GCCC football coach Tatum resigns to take job in Mississippi
By ADAM HOLT
There weren't a whole lot of jobs out there that would convince Jeff Tatum to leave Garden City Community College.
Just one, in fact.
But when Mississippi Delta Community College came calling, Tatum couldn't turn down the chance to lead the program at his alma mater, the school that gave him his first coaching job. So Thursday afternoon, Tatum sent in his resignation as head coach of the Broncbuster football team.
"It was one of those things, it was a hard decision," Tatum said. "It was something that my wife and I had discussed over the holiday, if they did offer, should I interview, and those type things. It was a very hard decision just to interview, because I've enjoyed my time here at Garden City."
Mississippi Delta, located in Moorhead, Miss., contacted Tatum after the Busters beat then-No. 7 Copiah-Lincoln in the Mississippi Bowl. The Trojan's previous head coach, Todd Lott, resigned after one year, citing personal reasons. At first, Tatum wasn't interested. But MDCC called back last week, and after talking with GCCC president Herbert Swender and Athletic Director Dennis Harp, he agreed to interview over the phone. He was offered the job Wednesday, and accepted.
The allure of returning to the place where he got his start was too much. Tatum was an assistant coach for the Trojans for 11 years, beginning in 1987, and was on the staff of the MDCC team that won the national title in 1993. In his playing days, he was a quarterback at Mississippi Delta, earning all-conference honors.
"That was probably the only reason I talked to them," Tatum said. "A couple other community colleges contacted me from down there, and I did not apply for any of them, I did not interview for any of them. ... Having played there, and coached there, was the only reason I even considered going there."
Tatum went 9-11 in two season at Garden City, rebounding from a 2-7 first year to a 7-4 record in 2012, capped by that bowl win in December. He was named KJCCC coach of the year for that turnaround season, and in his two years had a KJCCC offensive player of the year in quarterback Nick Marshall (2012), and defensive player of the year in defensive end Chaz Nelson (2011).
Mississippi Delta contacted Harp first to ask permission to speak with Tatum, which Harp appreciated. And both he and Swender gave Tatum their blessings to take the job if offered.
"That's our motto, from here, go anywhere," Swender said. "We're happy with the job he did. It's an opportunity for him to go back to his home area. It really wasn't a surprise. Happy for him."
"I think that Jeff and Dawn, his wife, have been a tremendous asset to the Garden City community," Harp said. "I know that I personally, as well as many others, will miss him."
Family also played a part in Tatum's decision. Both he and his wife are from Alabama, and their daughter attends college in Georgia.
"When we were home at Christmas, Dawn and I were discussing about whether I should even consider it," Tatum said. "My mom made the statement, I've actually been home to visit her more the last two years being in Kansas than I did for two years in Georgia."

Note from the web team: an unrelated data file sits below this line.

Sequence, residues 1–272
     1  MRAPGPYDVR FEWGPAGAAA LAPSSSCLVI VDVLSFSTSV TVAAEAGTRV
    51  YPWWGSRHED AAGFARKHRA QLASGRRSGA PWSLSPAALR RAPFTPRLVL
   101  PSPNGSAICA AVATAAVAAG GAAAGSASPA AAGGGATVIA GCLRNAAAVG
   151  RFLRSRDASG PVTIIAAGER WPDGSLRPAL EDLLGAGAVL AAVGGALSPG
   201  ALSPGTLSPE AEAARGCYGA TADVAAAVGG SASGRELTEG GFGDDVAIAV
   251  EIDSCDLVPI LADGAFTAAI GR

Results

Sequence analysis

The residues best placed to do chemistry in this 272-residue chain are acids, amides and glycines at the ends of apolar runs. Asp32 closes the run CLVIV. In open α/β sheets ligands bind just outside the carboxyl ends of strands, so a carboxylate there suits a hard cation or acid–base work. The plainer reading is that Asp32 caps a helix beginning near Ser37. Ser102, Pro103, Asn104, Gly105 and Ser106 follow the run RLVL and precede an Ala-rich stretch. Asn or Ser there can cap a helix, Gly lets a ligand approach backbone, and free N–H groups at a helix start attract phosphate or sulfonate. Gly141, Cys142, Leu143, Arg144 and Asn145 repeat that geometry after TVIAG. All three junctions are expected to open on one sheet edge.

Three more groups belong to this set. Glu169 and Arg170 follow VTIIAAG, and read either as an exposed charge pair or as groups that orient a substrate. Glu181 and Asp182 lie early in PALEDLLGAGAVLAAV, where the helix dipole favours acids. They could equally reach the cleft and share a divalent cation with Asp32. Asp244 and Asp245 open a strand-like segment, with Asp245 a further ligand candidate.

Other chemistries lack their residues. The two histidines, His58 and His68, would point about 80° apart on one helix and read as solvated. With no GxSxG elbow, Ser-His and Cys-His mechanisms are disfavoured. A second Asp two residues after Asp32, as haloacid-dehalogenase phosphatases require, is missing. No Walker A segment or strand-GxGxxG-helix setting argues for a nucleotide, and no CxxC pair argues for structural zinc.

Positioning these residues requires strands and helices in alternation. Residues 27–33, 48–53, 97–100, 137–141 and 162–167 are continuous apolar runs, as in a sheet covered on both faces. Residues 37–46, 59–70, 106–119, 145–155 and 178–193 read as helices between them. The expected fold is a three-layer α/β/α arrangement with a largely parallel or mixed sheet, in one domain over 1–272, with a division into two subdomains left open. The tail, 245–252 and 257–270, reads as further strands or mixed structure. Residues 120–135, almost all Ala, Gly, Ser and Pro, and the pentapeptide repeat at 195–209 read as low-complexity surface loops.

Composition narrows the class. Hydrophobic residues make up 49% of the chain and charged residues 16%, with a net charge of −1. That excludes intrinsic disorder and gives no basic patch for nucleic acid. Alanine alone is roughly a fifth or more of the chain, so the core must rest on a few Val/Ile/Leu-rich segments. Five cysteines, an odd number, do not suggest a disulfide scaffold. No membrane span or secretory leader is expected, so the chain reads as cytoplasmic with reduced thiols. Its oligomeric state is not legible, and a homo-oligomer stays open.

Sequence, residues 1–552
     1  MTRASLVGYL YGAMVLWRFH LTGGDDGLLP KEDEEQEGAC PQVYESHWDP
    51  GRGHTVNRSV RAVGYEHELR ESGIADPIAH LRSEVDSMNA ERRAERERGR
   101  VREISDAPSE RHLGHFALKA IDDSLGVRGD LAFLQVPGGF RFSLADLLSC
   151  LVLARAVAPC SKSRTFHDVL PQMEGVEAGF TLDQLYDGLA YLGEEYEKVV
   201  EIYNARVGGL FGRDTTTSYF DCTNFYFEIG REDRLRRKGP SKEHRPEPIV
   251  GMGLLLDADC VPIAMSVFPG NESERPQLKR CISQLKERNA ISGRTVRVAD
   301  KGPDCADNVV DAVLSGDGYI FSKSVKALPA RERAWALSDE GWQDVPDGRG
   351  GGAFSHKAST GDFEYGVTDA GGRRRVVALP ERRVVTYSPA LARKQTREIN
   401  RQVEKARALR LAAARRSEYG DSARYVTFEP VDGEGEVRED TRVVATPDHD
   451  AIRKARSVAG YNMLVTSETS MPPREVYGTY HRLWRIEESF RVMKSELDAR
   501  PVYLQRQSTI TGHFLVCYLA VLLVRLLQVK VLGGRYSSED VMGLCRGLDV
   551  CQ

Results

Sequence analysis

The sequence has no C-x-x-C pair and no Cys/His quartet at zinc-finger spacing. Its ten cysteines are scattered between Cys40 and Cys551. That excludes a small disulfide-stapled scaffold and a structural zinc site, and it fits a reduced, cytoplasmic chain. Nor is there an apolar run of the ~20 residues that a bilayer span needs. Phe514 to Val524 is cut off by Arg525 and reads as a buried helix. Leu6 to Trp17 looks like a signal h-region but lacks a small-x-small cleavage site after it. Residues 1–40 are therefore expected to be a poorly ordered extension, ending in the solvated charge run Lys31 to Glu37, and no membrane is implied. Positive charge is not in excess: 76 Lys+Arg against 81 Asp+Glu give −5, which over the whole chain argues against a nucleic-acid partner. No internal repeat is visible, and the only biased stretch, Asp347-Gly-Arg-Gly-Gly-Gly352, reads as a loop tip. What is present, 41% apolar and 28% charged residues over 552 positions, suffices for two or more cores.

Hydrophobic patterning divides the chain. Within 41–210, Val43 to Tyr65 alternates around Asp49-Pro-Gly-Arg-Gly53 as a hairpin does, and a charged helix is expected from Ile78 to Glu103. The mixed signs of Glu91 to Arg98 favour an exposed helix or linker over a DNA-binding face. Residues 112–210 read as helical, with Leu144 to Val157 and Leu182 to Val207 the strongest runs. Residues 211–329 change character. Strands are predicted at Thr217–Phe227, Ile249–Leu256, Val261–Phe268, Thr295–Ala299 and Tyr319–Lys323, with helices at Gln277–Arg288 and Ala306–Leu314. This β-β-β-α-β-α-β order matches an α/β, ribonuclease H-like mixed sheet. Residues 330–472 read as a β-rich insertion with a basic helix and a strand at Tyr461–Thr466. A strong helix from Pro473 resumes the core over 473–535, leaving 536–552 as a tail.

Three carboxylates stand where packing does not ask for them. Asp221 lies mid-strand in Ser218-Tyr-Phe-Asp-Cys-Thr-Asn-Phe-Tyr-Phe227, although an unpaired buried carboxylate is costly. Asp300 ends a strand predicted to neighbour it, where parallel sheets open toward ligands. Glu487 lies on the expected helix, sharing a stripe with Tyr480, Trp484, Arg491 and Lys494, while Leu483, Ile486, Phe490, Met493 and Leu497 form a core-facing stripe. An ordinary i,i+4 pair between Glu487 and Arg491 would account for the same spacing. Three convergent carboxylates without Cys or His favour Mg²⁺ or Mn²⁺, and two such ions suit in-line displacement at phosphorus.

Another factor was the challenge aspect of it. Mississippi Delta went 1-8 this past season and 0-9 the year before. Rebuilding programs seems to be something Tatum is good at.
"Just like when I came here, one of the reasons I came here was I wanted to get Garden City Community College back to where it was when I was here the last time, in the late '90s and early 2000s," he said.
Tatum won't officially be hired until next Thursday, but he is heading down on Sunday. His wife, a teacher at Florence Wilson Elementary School, won't join him until the school year is over. Tatum said Mississippi Delta already has arranged housing for him.
As for the rest of his staff, Tatum said he'd like to retain all his assistants, but has to wait until he sorts out the situation at MDCC. Hiring practices are different in the state, and all of his coaches at Mississippi Delta will have to teach classes at the school; openings for coaches are dependent on the needs of the school academically, as well.
Because classes aren't in session at GCCC yet, and how quickly the process went, Tatum hasn't gotten a chance to talk to his players yet. He said he plans on contacting them all by phone to talk about his move.
"I hate not being able to look each one of them in the eye and say goodbye," Tatum said. "That's probably my only regret is not being able to tell them personally goodbye."
Garden City will begin its search for Tatum's replacement immediately, and Harp said they'll hope to make a hire well in advance of National Signing Day, in early February.
Tatum said he's confident the program will keep on moving up even after he's gone.
"I don't think the program's gonna take a step back," he said. "Because I feel like whoever they hire will pick up where we left off and keep taking the program to the heights that it can go to. I was a very small dog in us winning, and whoever they bring in will continue the success."